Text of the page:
AFL contest with clocks plays at speedy pace

Rafters-Saguaros tilt is first contested under time limits, new rules by committee

AFL contest with clocks plays at speedy pace

SCOTTSDALE -- When Major League Baseball announced its new Pace of Game Committee, Tuesday night's Arizona Fall League contest between the Surprise Saguaros and the Salt River Rafters may have been exactly the type of game it was envisioning.

While one game -- featuring the debut tests of the 20-second pitch clock and the 2-minute, 5-second limit between half-innings -- is too small of a sample size to draw any conclusions off of, the 2-hour, 14-minute game had to have pleased the committee.

"It's a little different, takes some getting used to," Salt River Rafters center fielder and Astros prospect Andrew Aplin said. "I think it's more on the pitching, a little bit more frustrating on the pitching side because they get in a hole, 3-0, they like to step off, get their composure and bounce back so they can throw three strikes in a row, but it's hard for them to do that when they have to watch the clock."

Tuesday's game at Salt River Fields was the first in which the new pitch clocks and pace-of-play initiatives were enforced.

Five clocks were on display -- two behind home plate, one at the edge of each dugout and one in left-center field -- to alert the players of the time left to either throw a pitch or get ready for the next inning.

Additionally, in all games played at Salt River Fields this season, teams have two minutes and five seconds between innings, and they are limited to three "time out" conferences per game. That includes meetings between pitchers and catchers, coaches and pitchers, and coaches and batters.

While those three rules are only being enforced at games held at Salt River Fields, other experimental rules are in place throughout the AFL.

No-pitch intentional walks, in which the manager signals to the home-plate umpire with four fingers to intentionally walk a batter, are being tested at all AFL venues, though no intentional passes have been issued through the first week of the season.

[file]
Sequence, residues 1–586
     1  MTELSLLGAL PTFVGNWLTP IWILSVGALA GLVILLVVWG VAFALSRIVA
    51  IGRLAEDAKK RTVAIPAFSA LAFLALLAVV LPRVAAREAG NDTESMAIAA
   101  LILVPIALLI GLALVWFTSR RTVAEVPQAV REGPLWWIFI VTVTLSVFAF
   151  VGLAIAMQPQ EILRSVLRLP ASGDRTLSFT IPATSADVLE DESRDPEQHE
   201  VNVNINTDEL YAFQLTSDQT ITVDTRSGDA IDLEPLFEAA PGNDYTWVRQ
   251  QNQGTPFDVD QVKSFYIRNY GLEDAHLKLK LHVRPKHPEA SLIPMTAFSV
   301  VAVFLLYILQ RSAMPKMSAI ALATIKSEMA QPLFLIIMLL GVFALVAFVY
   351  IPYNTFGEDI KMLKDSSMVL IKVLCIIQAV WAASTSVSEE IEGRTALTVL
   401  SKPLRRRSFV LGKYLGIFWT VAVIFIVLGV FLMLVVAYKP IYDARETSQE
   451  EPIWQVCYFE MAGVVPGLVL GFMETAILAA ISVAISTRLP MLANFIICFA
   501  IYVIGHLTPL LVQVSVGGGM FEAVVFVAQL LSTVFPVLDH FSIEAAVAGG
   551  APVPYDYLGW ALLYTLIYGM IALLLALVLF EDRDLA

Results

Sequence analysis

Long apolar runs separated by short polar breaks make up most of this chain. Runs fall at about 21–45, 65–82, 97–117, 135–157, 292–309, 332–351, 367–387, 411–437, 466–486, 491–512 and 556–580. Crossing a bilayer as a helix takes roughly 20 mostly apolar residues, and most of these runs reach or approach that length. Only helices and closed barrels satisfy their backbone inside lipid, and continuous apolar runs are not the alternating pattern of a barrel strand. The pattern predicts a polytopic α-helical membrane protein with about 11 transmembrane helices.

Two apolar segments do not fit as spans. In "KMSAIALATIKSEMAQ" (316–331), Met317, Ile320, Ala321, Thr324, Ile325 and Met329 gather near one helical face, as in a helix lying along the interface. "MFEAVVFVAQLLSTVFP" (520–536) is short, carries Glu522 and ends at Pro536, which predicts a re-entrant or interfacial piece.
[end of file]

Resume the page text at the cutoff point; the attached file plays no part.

For all AFL games except those held at Salt River, batters are required to keep at least one foot in the batter's box unless there is a foul ball, a hit batsman, an umpire timeout, a runner attempting to score, a drag or push bunt, a wild pitch or passed ball. The batter may also step out of the box if the pitcher leaves the dirt area of the mound after receiving the ball or the catcher leaves the catcher's box to give signals.

"It's definitely different," Salt River Rafters catcher and Astros prospect Tyler Heineman said. "We've got to get used to it. It might make the pitchers rush a bit when they're coming in from the bullpen in-between innings. It might take away from their first couple of pitches because they're out of gas."

For the bulk of Tuesday's game the pitchers and batters navigated the clock with limited struggles, but there were exceptions. Three automatic balls were called when pitchers did not deliver within the allotted 20 seconds.

In the top of the first, Astros top pitching prospect and former No. 1 overall Draft pick Mark Appel was called for an automatic ball while working out of the stretch.

The runner on first -- Padres fleet-footed prospect Mallex Smith -- danced off the bag with just four seconds remaining on the clock. Smith got Appel's attention, and when the right-hander stepped off to look at the runner, the clock expired and a ball was called.

With pitchers forced to throw the ball to the plate or to first within 20 seconds, the step-off has essentially been eliminated, and Aplin said it is something runners on base can possibly take advantage of.

"You can read that, especially from second when [the clock] is right in your view," Aplin said. "We'll see how that plays out as it goes on, see if they change the spotting of the clocks or what not. But for right now, we're just taking it as it is and dealing with it."

William Boor is a reporter for Follow him on Twitter at @wboor. This story was not subject to the approval of Major League Baseball or its clubs.